you don’t know what you are doing and leave. They can detect you, but you
can’t always detect them. [ Proof: Build a house without plans. Try to
detect which of the passers-by are expert builders. See how many expert
builders detect that you aren’t one of them. ]

Your best bet is to join an existing/established project and
contribute as best as you can. Even as a novice programmer, you
can point out errors in the documentation, write a FAQ, ask intelligent
questions, find bugs, etc. If you have valuable contributions, you
will be recognized as one of the contributors to the project, and you will
gain experience and be allowed leadership. Only after you have experience
can you consider yourself a real programmer. Warning: Not
everyone who wants/likes to program can become a good programmer.
If a
project leader dumps on your ideas, remember that they are
experienced, and you are not. [ Proof: A Zen student wants to “hurry up
and figure out what this Zen thing is already”. The master laughs. Should
the student resent the master? ]

3) You are a doctor and you want to help out. First, admit that
you are not a programmer, and you couldn’t tell a real programmer from a
dorky kid with glasses. Don’t try to program any more than you would try
to rebuild your car’s engine. You don’t have the tools or the expertise,
and you will make a mess that even an expert wouldn’t touch.

Next, recognize that the medical profession isn’t likely to drive
breakthroughs in technology. (Sometimes, as with MRIs, they do, but
not real often.) When it comes to computers, doctors are way
behind. [Proof: Go to a hospital ward or outpatient clinic and count the
number of staff with and without a computer. Go to a ‘conservative’ bank
and try to find an employee without a computer. ]

You have heard about these “.coms” doing “e-business” and making
everything computerized and you want a piece of the new-fangled
action. But recognize that all that glitz was built on 10-30 year-old
technology (TCP/IP, UNIX, e-mail, Databases, perl, the Web). [Note: The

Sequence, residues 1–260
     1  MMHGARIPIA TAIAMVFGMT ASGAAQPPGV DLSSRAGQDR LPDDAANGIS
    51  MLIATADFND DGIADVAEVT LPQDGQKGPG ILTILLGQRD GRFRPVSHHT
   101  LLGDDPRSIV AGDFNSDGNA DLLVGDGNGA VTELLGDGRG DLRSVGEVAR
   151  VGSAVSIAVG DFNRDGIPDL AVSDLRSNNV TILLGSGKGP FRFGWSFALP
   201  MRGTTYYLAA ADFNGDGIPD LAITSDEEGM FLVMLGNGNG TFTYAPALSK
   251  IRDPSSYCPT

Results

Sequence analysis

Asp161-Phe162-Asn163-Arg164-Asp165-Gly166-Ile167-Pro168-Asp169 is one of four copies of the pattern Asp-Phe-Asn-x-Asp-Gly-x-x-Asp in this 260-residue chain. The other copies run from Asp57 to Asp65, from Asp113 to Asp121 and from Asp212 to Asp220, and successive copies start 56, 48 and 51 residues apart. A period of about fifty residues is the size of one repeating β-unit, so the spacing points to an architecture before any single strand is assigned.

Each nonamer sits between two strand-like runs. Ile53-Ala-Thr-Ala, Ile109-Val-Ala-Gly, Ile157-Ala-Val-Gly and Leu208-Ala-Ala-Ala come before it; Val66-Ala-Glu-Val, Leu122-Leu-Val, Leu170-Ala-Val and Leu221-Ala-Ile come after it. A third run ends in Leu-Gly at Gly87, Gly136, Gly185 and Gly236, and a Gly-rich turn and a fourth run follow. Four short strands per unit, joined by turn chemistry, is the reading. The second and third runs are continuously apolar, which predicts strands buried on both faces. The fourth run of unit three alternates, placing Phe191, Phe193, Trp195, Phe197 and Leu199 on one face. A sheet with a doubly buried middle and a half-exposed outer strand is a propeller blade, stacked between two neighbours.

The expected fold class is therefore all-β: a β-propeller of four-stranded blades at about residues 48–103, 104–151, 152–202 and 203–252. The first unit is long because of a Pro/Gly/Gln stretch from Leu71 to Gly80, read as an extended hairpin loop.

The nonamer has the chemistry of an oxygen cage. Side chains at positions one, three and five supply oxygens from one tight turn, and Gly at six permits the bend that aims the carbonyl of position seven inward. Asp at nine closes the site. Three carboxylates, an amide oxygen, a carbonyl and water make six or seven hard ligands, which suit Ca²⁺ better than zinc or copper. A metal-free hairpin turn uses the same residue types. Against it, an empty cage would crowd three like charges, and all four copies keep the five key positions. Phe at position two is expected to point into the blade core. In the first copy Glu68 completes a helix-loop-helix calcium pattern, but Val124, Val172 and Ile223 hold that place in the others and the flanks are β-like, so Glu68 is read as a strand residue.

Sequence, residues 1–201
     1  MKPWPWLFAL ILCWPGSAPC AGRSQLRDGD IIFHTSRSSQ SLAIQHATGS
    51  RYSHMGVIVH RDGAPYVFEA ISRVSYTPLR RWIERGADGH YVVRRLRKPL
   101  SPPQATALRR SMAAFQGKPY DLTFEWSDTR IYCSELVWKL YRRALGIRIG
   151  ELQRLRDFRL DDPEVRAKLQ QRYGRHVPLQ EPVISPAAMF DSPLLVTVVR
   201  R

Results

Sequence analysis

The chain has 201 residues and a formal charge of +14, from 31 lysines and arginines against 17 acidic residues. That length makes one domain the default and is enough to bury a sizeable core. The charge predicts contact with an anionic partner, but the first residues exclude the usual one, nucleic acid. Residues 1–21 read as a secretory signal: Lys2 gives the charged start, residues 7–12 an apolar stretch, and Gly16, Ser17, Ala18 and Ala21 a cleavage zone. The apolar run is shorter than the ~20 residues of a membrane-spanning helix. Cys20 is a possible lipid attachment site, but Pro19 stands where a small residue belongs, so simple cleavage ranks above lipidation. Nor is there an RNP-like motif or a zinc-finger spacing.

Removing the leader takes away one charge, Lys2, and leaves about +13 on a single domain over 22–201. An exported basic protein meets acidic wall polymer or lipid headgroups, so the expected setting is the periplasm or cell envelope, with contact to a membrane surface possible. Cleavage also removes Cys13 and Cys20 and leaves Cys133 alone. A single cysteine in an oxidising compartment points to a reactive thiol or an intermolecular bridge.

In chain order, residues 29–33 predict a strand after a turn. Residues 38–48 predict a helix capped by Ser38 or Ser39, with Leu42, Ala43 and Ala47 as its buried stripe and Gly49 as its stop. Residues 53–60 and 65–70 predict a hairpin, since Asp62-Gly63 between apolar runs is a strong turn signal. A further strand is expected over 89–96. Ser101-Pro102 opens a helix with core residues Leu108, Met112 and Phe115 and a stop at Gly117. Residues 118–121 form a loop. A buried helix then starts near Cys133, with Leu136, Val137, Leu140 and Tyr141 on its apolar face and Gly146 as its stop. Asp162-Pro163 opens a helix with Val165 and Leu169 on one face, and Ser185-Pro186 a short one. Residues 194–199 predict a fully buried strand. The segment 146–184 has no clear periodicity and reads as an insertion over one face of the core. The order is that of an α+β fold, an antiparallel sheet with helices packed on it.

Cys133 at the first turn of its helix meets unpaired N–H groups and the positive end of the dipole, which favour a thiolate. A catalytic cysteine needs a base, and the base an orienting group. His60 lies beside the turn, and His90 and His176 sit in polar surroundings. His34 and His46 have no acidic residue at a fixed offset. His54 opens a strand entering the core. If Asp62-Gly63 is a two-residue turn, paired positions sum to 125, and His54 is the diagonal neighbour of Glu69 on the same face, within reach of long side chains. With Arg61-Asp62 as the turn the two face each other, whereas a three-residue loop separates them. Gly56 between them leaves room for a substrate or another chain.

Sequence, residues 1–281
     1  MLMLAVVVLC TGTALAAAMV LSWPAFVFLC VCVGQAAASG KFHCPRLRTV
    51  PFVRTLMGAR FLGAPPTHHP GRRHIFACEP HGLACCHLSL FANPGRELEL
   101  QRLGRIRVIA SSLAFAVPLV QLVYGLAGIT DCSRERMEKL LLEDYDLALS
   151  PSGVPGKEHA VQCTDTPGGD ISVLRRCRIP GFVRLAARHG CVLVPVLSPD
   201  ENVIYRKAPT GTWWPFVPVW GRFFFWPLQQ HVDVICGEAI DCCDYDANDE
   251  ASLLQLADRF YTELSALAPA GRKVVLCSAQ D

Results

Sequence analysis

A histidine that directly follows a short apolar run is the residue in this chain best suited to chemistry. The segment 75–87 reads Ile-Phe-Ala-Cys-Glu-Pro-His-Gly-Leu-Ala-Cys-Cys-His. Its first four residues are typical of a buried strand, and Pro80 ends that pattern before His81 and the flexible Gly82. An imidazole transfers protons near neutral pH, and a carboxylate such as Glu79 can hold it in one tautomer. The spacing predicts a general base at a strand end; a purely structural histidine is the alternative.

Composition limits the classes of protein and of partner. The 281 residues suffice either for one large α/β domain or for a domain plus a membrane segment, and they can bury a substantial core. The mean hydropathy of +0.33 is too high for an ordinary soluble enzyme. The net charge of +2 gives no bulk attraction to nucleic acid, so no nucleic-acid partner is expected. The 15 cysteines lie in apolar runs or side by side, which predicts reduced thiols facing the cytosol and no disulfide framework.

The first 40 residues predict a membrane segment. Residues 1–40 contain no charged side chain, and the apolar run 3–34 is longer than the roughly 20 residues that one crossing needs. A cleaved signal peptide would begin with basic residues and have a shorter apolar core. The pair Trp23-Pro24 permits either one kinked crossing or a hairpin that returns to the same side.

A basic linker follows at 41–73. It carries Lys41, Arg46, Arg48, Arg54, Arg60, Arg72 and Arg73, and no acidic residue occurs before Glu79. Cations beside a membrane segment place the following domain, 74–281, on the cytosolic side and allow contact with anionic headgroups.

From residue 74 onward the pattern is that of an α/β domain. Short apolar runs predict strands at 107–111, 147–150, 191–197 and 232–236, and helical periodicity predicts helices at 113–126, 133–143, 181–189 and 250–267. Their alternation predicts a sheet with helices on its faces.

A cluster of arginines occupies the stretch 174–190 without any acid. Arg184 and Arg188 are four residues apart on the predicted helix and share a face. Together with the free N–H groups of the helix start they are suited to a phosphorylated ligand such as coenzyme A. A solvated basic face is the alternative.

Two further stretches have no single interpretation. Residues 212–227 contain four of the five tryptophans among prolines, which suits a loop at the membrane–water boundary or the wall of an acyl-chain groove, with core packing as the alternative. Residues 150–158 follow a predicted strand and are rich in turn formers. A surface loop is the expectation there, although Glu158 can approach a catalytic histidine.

first 3 were started in the 60’s. Perl was written in the mid 80’s. The
Web was invented in 1989. Great, now I feel old. ] Ignore the latest
buzzwords — they are for the computer people, not for you.

If you want to help, do some thinking and write down what you
want. Remember, Thinking Is Hard. Writing down the first thing that
pops into your mind won’t help (“I think it should be user
friendly”). Don’t tell programmers what to do (“It should be done in Java
and XML because I hear those buzzwords a lot”). Be pragmatic and practical
(Would you have a highly skilled nurse do data entry? What if it increased
the accuracy of the information?) Recognize that almost no vendors have a
useful EMR system, and the few places that have one can’t replicate it
elsewhere. [ Quiz: What do Motorola, Intel, Kodak, 3M, Bell & Howell and
Siemens have in common? They all have health care divisions, and
most are churning out useless software like there’s no tomorrow. None are
known for their good programming. Few are likely to attract good
programmers, when good programmers can go work for .coms. They all have
enough money to write junk and just ‘see what sticks’. ]

Your best bet is to give a dose of reality to programmers. Programmers
assume that everyone can type, everyone knows how to navigate a file
system, etc. If you have experience with an EMR, write up your thoughts,
both good and bad. Is it unrealistic to ask for exact hospitalization
dates because few patients remember them? Is it more useful to have large
friendly icons for navigation or an information-packed control panel that
shows at a glance what you need know? What information do you need
on the screen at all times? Would you rather see a list of 100’s of tests
performed on the patient, or a short clinically relevant summary? Would
you rather have items sorted by date (episode) or by type (type of test)?
(hint: neither is right.) Do you want to enter a lot of data so you can
see it later (the computer is just like a chart), or do you want to enter
a little data so it can help you track and manage your patients (the
computer can do more than a chart ever could)?

Writing a program isn’t hard, but making a program useful is. (In
exactly the same way that firing a gun is easier than aiming a gun.) Ok,
this is degrading into a rant because I’ve run out of useful things to
say. [ Proof: Try to find my last point. ] Here’s some tips:

  • Do fund open source software developers. No, don’t stuff